Camargue Camargue (, also , , ; oc, label= Provençal, Camarga) is a region of France located south of Arles Arles (, , ; oc, label= Provençal, Arle ; Classical la, Arelate) is a coastal city and commune in the South of France, a subprefecture ...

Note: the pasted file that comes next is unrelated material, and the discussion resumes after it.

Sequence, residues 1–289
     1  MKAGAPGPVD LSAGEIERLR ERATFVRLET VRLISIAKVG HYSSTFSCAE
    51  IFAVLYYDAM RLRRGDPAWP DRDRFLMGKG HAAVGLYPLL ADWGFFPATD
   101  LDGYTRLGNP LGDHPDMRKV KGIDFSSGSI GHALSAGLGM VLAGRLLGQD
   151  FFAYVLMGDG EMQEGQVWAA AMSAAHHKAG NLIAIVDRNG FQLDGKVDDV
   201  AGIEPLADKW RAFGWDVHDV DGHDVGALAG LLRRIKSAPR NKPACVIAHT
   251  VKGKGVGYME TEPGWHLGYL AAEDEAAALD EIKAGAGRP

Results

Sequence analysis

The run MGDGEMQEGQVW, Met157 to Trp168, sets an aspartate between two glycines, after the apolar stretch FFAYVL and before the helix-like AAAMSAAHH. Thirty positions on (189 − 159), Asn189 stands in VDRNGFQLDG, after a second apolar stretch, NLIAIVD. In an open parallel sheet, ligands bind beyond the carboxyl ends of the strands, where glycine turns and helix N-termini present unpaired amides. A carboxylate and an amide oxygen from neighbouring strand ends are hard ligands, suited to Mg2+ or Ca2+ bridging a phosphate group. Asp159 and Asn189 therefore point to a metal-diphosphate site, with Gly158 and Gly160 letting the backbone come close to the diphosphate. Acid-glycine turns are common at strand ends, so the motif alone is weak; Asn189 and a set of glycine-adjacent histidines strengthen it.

, France migrate to the upper layer of the mat during the day and are spread homogenously through the mat at night. An in vitro experiment using P. uncinatum also demonstrated this species' tendency to migrate in order to avoid damaging radiation. These migrations are usually the result of some sort of photomovement, although other forms of taxis can also play a role. Photomovement – the modulation of cell movement as a function of the incident light – is employed by the cyanoabacteria as a means to find optimal light conditions in their environment. There are three types of photomovement: photokinesis, phototaxis and photophobic responses. Photokinetic microorganisms modulate their gliding speed according to the incident light intensity. For example, the speed with which Phormidium autumnale glides increases linearly with the incident light intensity. Phototactic microorganisms move according to the direction of the light within the environment, such that positively phototactic species will tend to move roughly parallel to the light and towards the light source. Species such as '' Phormidium uncinatum'' cannot steer directly towards the light, but rely on random collisions to orient themselves in the right direction, after which they tend to move more towards the light source. Others, such as '' Anabaena variabilis'', can steer by bending the trichome. Finally, photophobic microorganisms respond to spatial and temporal light gradients. A step-up photophobic reaction occurs when an organism enters a brighter area field from a darker one and then reverses direction, thus avoiding the bright light. The opposite reaction, called a step-down reaction, occurs when an organism enters a dark area from a bright area and then reverses direction, thus remaining in the light.